Run automatic tests for your mod inside Factorio
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README.md

Faketorio

Logo

Travis LuaRocks Coveralls license

Support library for automated testing of Factorio mods

Purpose

The problem with modding in Factorio (or any other script language based modding environment) is testing. Usually this is solved by a huge amount of manual testing. This amount grows with every new feature and every bugfix.. because in theory you have to test EVERYTHING EVERY.SINGLE.TIME (super annoying).

This is where automated testing comes in. I'm new to lua testing, but there are a couple unit testing frameworks available.

The problem with unit testing is that it only gets you so far. The most interesting aspect (how does it behave in the real game) is hard to mimic.

Enter Faketorio. The goal is to provide a standard system for running your mod against your local Factorio installation, execute tests INSIDE Factorio and then package your mod for release.

Installation

If you use LuaRocks for your lua modules it is as easy as running luarocks install faketorio.

If you do all the dependency management yourself you will have to download the files from this github repo and place them in a convenient location. Then require them with the proper path.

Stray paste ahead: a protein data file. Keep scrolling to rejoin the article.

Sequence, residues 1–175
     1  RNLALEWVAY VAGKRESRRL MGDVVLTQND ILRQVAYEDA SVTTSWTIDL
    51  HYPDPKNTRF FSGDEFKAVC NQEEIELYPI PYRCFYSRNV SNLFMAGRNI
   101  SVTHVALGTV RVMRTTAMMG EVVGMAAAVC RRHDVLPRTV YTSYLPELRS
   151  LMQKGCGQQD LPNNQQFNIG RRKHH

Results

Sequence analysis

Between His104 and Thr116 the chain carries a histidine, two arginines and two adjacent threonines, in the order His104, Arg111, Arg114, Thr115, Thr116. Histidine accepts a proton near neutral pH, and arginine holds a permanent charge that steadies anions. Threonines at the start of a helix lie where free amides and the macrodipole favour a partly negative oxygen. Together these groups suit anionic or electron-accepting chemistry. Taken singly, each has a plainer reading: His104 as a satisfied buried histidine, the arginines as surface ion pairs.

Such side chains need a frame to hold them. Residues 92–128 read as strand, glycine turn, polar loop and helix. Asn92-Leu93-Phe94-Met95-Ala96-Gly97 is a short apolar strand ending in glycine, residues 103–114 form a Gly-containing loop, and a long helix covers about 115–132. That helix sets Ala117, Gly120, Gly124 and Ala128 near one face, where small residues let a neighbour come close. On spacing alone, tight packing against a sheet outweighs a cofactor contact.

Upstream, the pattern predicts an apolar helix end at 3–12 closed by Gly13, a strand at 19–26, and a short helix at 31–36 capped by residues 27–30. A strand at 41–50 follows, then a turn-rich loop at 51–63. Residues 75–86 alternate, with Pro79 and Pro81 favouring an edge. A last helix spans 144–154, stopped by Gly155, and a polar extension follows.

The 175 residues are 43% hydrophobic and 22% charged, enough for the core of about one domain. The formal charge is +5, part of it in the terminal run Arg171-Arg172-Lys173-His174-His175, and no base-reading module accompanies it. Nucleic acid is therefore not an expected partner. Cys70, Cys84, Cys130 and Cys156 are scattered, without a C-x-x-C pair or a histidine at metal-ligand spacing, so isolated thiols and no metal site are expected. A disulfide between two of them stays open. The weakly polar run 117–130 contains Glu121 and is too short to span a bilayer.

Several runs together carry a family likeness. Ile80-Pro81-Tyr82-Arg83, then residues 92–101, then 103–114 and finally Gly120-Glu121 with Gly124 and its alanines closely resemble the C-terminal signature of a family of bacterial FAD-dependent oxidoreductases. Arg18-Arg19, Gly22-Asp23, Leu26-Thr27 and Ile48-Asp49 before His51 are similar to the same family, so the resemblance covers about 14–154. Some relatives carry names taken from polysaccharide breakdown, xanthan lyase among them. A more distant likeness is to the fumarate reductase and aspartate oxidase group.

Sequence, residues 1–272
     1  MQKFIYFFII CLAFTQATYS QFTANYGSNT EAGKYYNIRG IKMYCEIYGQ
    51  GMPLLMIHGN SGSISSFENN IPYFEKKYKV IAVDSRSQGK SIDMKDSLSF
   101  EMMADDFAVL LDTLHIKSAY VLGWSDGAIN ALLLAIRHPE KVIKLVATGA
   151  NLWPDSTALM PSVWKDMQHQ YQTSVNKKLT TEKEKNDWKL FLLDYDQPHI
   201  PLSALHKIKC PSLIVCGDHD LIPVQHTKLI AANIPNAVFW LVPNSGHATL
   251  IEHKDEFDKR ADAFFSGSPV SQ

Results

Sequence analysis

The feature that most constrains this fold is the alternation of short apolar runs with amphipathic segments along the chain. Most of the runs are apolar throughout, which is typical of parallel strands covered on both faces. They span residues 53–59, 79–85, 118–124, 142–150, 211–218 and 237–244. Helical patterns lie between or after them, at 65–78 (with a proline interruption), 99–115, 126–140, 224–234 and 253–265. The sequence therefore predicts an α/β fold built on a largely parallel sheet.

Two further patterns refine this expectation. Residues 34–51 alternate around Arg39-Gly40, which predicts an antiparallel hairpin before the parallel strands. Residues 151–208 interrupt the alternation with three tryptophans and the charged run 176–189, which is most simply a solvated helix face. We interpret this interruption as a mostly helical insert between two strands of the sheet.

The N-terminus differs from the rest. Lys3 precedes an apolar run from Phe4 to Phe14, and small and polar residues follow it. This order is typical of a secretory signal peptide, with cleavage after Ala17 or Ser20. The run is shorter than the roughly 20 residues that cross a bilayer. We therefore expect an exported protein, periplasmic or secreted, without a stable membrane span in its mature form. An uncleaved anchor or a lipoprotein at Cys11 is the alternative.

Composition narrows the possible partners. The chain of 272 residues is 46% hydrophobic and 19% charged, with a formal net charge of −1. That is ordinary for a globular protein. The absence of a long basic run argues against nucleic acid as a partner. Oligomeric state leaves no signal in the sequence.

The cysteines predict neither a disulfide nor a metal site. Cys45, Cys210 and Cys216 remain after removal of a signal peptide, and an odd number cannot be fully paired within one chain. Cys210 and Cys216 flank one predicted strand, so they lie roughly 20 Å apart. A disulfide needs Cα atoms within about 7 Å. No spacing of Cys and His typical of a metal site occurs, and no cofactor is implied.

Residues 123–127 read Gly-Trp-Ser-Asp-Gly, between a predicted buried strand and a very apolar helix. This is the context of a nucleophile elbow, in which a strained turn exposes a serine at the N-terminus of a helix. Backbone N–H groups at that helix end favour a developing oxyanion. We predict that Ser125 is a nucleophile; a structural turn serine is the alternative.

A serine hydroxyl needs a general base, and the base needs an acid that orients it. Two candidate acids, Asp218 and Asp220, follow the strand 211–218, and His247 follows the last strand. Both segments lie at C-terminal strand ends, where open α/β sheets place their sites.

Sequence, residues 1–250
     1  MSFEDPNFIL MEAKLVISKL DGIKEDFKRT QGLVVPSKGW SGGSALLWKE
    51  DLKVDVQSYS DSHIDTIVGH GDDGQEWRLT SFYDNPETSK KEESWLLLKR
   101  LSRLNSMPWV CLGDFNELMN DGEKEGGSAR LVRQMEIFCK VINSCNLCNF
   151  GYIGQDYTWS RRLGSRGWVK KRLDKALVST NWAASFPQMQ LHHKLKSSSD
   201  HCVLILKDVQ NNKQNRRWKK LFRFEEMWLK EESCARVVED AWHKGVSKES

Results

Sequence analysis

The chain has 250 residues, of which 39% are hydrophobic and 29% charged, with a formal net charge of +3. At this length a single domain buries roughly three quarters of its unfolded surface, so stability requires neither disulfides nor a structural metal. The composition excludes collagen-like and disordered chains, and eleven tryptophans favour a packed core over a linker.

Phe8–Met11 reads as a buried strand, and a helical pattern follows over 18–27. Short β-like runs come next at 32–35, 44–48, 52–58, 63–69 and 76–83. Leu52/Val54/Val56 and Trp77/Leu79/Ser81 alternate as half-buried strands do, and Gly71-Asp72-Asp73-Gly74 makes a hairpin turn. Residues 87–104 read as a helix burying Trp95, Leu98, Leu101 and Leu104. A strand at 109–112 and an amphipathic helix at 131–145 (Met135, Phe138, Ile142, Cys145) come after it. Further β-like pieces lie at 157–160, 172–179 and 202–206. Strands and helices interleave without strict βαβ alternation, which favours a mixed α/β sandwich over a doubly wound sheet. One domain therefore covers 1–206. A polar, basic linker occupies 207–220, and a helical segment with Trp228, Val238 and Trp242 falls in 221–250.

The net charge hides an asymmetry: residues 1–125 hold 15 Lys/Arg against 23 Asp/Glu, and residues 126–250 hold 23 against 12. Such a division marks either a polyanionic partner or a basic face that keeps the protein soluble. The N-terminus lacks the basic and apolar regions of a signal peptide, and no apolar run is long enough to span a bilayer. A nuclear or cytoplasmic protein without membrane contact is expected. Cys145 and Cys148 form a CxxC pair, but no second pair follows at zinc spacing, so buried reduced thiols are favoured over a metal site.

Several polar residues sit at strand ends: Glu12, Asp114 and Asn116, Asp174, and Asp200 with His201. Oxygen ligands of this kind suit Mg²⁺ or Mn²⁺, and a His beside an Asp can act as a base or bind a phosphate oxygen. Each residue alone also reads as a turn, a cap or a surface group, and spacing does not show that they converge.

Usage

For a (very) short info on how to interact with faketorio type faketorio -h. For the long version keep reading :)

There are two main aspects of faketorio regarding your mod. The first is mod management and packaging and the second is testing.

Mod management

With Faketorio you can run and build your mod. To do this we need two things: a .faketorio config file in your home folder and a certain folder structure in your mod.

Folder structure

Faketorio assumes the following structure for your mod files:

- MyModFolder/
    - info.json             // the file with all your mod info
    - src/                  // all your mod source files go here (in as many subfolders as you like)
        - control.lua
        - data.lua
        - settings.lua
        - mymod.lua
    - locale/               // all your locale files as described in [aubergine10's guide to localization](https://github.com/aubergine10/Style/wiki/Localisation)
    - spec/                 // all your test files go here (as described by [busted](https://olivinelabs.com/busted/#defining-tests)
        - mod_spec.lua      // normal [busted](https://github.com/Olivine-Labs/busted) unit tests (or any other tests for that matter)
        - mod_feature.lua   // faketorio tests that are run inside of Factorio
    - target/               // temporary folder that faketorio uses to assemble files and folders

The Factorio specific files (control.lua, data.lua, settings.lua, ...) all go into the source folder without any additional subfolders.

.faketorio config file

Faketorio requires a config file to run. You can specify the location with the -c option. If no config path is provided faketorio will search for a file named .faketorio in the current folder. This file has to have three values configured.

factorio_mod_path = /home/jjurczok/.factorio/mods
factorio_run_path = /home/jjurczok/.local/share/Steam/steamapps/common/Factorio/bin/x64/factorio

# windows based example